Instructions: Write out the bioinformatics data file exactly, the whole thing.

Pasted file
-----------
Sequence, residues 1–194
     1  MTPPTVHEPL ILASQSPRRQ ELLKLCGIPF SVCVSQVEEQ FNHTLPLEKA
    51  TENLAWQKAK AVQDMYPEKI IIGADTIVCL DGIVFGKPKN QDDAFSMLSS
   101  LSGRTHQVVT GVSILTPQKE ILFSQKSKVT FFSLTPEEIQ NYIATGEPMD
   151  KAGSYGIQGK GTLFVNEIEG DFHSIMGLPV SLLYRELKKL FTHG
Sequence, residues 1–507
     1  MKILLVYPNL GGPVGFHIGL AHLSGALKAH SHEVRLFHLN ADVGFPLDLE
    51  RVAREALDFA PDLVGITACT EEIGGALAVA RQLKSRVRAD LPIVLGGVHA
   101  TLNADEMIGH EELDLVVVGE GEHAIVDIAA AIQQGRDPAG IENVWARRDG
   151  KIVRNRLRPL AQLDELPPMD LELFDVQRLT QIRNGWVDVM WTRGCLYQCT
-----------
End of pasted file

Sequence, residues 1–194
     1  MTPPTVHEPL ILASQSPRRQ ELLKLCGIPF SVCVSQVEEQ FNHTLPLEKA
    51  TENLAWQKAK AVQDMYPEKI IIGADTIVCL DGIVFGKPKN QDDAFSMLSS
   101  LSGRTHQVVT GVSILTPQKE ILFSQKSKVT FFSLTPEEIQ NYIATGEPMD
   151  KAGSYGIQGK GTLFVNEIEG DFHSIMGLPV SLLYRELKKL FTHG
Sequence, residues 1–507
     1  MKILLVYPNL GGPVGFHIGL AHLSGALKAH SHEVRLFHLN ADVGFPLDLE
    51  RVAREALDFA PDLVGITACT EEIGGALAVA RQLKSRVRAD LPIVLGGVHA
   101  TLNADEMIGH EELDLVVVGE GEHAIVDIAA AIQQGRDPAG IENVWARRDG
   151  KIVRNRLRPL AQLDELPPMD LELFDVQRLT QIRNGWVDVM WTRGCLYQCT